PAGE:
The purpose of the research study is to identify how late adulthood experiences of loneliness depend on childhood circumstances. The researcher intends to investigate multiple factors that influence an individual’s feelings of loneliness as a senior. Moreover, given the attention of the researcher to the multitude of factors contributing to the feeling of loneliness in later adulthood, the variances of personality types and country-specific issues were included for measurement (Guthmuller, 2022). Thus, the study aims to establish whether the circumstances in which people of different personality types grow and develop as children directly impact loneliness in adulthood.

The research questions in the study were related to the overall dependence of loneliness in later adulthood on adverse childhood circumstances and its particular variance depending on personality traits and other factors. To answer these questions, Guthmuller (2022) used a Survey on Health, Ageing, and Retirement in Europe (SHARE) conducted among 50+ years old citizens of 27 European countries and Israel since 2004. This survey data on 17 countries were used in combination with the questionnaire SHARELIFE on past experiences of 50+ adults of the same countries. The sample included 27,623 observations, which were processed using the statistical analysis approach consisting of descriptive and multivariate analyses.

The results of the study showed that childhood experiences and circumstances such as having close relationships with parents, forming early friendships, and feeling secure and trusting have an impact on feelings of loneliness in later adulthood. Indeed, people who lacked close relationships with parents or friends as children experienced loneliness more frequently regardless of their personality type (Guthmuller, 2022). The conclusions made by the researcher imply that it is important to provide social support for aging adults in order to mitigate their feelings of loneliness despite the differences in personality types. These conclusions are appropriate and well-grounded on the theoretical pillars of the attachment theory and the evidence retrieved during the study. The author neither overestimated nor underestimated the findings and conclusions, being objective and unbiased in the interpretation of the study findings.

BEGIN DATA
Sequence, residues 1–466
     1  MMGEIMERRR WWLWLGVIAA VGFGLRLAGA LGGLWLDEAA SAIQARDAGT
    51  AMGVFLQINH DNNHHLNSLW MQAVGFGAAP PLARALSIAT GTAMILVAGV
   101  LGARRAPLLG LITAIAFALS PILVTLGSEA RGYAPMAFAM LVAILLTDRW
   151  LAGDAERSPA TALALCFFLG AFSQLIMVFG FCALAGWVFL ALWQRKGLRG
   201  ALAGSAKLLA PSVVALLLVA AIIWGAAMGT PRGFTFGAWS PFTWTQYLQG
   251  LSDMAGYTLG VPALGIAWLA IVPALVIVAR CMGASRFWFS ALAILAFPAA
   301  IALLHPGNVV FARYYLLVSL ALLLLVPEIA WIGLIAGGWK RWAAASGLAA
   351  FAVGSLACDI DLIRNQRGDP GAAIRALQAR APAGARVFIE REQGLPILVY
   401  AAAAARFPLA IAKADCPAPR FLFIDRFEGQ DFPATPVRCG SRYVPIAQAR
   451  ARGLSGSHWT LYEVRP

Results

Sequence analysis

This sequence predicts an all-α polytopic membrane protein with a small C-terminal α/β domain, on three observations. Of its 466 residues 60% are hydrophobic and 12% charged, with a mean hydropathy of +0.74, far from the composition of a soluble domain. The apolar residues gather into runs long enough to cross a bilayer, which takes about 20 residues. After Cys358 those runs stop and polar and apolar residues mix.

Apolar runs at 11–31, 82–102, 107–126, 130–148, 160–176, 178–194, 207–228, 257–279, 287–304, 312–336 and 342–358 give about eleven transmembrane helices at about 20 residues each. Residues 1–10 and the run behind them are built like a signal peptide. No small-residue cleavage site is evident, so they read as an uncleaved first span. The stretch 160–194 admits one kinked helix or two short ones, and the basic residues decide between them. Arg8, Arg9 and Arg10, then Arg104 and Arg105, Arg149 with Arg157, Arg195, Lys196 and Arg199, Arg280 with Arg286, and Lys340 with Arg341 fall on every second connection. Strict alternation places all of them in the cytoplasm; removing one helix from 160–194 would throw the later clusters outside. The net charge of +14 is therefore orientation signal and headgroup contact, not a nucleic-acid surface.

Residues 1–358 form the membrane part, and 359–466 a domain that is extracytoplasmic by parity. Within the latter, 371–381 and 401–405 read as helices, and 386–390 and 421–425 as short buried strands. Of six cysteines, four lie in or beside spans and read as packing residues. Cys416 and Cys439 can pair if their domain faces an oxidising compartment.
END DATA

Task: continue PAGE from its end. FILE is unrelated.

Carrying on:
The key strength of the study is its scope which includes representatives of 17 countries as well as the multitude of factors affecting loneliness. Indeed, to support the hypothesis about the leading cause of loneliness in adulthood is childhood circumstances, the researcher investigated the influence of other factors informed by literature. Therefore, the study provides a strong and substantial evidential background to support its conclusions. As for the weaknesses, the procedural and accuracy-related issues might be addressed due to the potential for subjectivity in recalling one’s childhood memories, which might have influenced the outcomes of the study. Indeed, given the self-reported nature of the study methodology, including survey and questionnaire use, the study might be weak in terms of information accuracy. However, the large sample and the overall psychological direction of the research validate the presence of perceived experiences being appropriate for the study.

This research study significantly contributes to the understanding of personality development and the correlation between lifespan advancement’s dependence on prior experiences. In particular, the study provides clear and justifiable evidence of the far-reaching consequences of childhood experiences in late adulthood. These findings illustrate the fundamental role of upbringing and early social interactions in the forming of attitudes and life events across the lifespan. Moreover, the study is based on the arguments of the attachment theory, which holds that individuals’ socialization patterns are embedded in childhood relationships (Guthmuller, 2022). However, it reconfirms the assumptions of other theories, such as Eric Erikson’s theory of Psychosocial Development and Sigmund Freud’s Psychoanalytical Theory, which emphasize the core relationships between childhood and adulthood (Allen, 2016). Thus, the analyzed research article expands and deepens one’s understanding of personality psychology and informs practices for improving human well-being based on the acquired evidence.